Building walk-in tunnels on the cheap usually limits the width of the tunnel, because the hoop materials you use can't handle the forces involved in larger structures. Johnny's Seeds sells a pipe bender that converts chainlink fence toprail to hoops, but the resulting tunnels are only 12' wide, or were; they now sell a bender that can get you to 14' wide. I've built the former. I've also adapted the model: same dimensions using PVC pipes.
Both models have served me well, but damn if the 12' width isn't frustratingly limiting. Tunnels of this size are hard to move around in, aren't very efficient moderators of temperature (they heat up and cool down very quickly), and the polyfilm cost per square foot of growing space is high.
I've wanted a bigger model, but my problem is that I'm reluctant to build a big, bad pre-fabricated monster on my short-term lease. What I love about the much cheaper DIY models is the much cheaper part, and the ability to erect and break them down very quickly.
This season I took a chance on an adaptation of 12' wide model that doubled the width of the structure, using oh-so-affordable PVC pipe. The result: a 24' wide by 81' long (length can be whatever you like) by 7.5' tall tunnel that is now up and planted. Before I describe how I built it, some very important notes:
1. These PVC hoop tunnels, whether 12' wide or 24' wide models, will not hold up to snow loads. I erect them in late Winter and take them down in late Fall.
2. This new, 24' model hasn't been tested yet. I just built the thing (March 2016). I'll provide an update later if it collapses in bad weather. That said, I'm pretty sure it's going to hold just fine.We'll see!
Ok, so: each hoop is made from two 20' lengths of 1" PVC pipe. I bought the thinner-grade pipe because it's cheaper. I've never tried the thicker pipe. I bought a gallon of UV resistant, white paint, and painted the pipes so that they're better protected against the sun. PVC turns brittle over time, you see.
Each pair of pipe is fit together (they have male and female ends), and then, from the center of the resulting 40' length of pipe, I measured 15'8 in both directions. You need to cut off a piece at either end so that the male-female junction becomes the center of your hoop. I'm left with a piece of pipe that is 31'4. This will be my hoop.
My hoop spacing is 3'. So, an 81' hoophouse requires 28 hoops, or 56 pieces of 20' pipe. I bought 60 pieces so that I could make a purlin out of the last four pieces. In the photo above, the purlin is on the right. I didn't use one on the left side so I can deterimine how much the purlin contributes to rigidty of the tunnel.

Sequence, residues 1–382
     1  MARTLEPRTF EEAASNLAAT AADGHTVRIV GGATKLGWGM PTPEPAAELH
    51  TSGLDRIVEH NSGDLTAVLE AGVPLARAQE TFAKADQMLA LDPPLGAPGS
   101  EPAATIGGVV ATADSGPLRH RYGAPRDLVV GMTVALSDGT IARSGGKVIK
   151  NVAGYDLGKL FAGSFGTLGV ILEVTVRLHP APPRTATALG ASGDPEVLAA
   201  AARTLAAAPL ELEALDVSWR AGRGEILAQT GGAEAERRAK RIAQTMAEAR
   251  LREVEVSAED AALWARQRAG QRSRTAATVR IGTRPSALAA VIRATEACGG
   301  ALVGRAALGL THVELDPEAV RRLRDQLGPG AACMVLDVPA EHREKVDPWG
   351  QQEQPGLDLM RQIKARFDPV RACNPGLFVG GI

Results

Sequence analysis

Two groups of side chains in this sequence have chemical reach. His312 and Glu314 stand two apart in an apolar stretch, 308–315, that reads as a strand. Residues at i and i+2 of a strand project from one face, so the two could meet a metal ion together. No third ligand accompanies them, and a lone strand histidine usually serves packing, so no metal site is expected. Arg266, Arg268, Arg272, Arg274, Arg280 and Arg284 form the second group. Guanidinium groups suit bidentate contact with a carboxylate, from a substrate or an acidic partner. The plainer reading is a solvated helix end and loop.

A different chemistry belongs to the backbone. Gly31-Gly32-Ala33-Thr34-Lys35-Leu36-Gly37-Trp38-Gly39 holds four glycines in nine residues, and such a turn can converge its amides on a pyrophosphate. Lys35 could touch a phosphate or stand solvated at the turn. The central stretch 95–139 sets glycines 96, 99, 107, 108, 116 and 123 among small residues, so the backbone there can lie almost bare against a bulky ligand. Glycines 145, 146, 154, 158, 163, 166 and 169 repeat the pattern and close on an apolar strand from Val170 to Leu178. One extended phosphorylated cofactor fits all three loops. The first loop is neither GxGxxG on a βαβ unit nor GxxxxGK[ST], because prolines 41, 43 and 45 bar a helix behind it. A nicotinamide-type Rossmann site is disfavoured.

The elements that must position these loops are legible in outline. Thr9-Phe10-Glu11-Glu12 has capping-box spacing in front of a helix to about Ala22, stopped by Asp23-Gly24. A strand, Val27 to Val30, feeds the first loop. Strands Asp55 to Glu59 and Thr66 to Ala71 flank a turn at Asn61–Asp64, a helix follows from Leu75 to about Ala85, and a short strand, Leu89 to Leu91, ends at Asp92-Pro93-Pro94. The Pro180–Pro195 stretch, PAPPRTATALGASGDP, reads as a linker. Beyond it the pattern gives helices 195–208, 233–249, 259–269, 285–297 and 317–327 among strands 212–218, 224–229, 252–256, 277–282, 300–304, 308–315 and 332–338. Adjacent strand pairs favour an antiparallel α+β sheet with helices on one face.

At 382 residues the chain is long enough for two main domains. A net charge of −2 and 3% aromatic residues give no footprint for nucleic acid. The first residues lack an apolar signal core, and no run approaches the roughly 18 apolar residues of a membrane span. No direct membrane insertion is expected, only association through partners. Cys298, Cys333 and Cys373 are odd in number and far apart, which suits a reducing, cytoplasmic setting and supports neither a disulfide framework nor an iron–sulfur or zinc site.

I also bought a one and a quarter inch 'T' joiner for each hoop, so that I could use the off-cuts from my hoop to form a pillar at each hoop apex. This represents the small tradeoff that, I think, allowed me increase the width of the structure--I'm left with a central row of pillars. See photo. Small price to pay, as far as I'm concerned.
I used 3' rebar for each stake. I recommend going to a hardware store and buying in 10 or 20' lengths, and then paying them a cutting fee to cut them down for you. Cutting rebar sucks. Don't go less than 3'. You want at least 2' in the ground, and at least a foot sticking out to receive the hoops. I had a bunch of 2' pieces of rebar lying around, and used them to receive the pillars along the center of the tunnel. In the photo below, notice that I used clamps to attach some of the hoops to the lumber.
You can anchor the the plastic in various ways. I prefer building simple end walls, and then placing some 2x6s at various points along the sides. See photos. I really like channel lock/wiggle wire for securing poly. I used it wherever I had lumber to attach to.
I built this thing for around $1500 CAD. It gave me six 75' beds.
One problem so far: the pillars keep coming loose when the structure moves in the wind. I may have to glue them into the 'T' junctions. Again, see photos.
In late June, I'll take the poly off and replace it with shade cloth. The poly will go back on for a Fall crop in September.
I'll write an update in a few months. Leave me a request in the comments if you think I've forgotten. Thanks for reading.
I experienced some problems with wind and made some changes that have helped a lot. They're explained in the below slide show.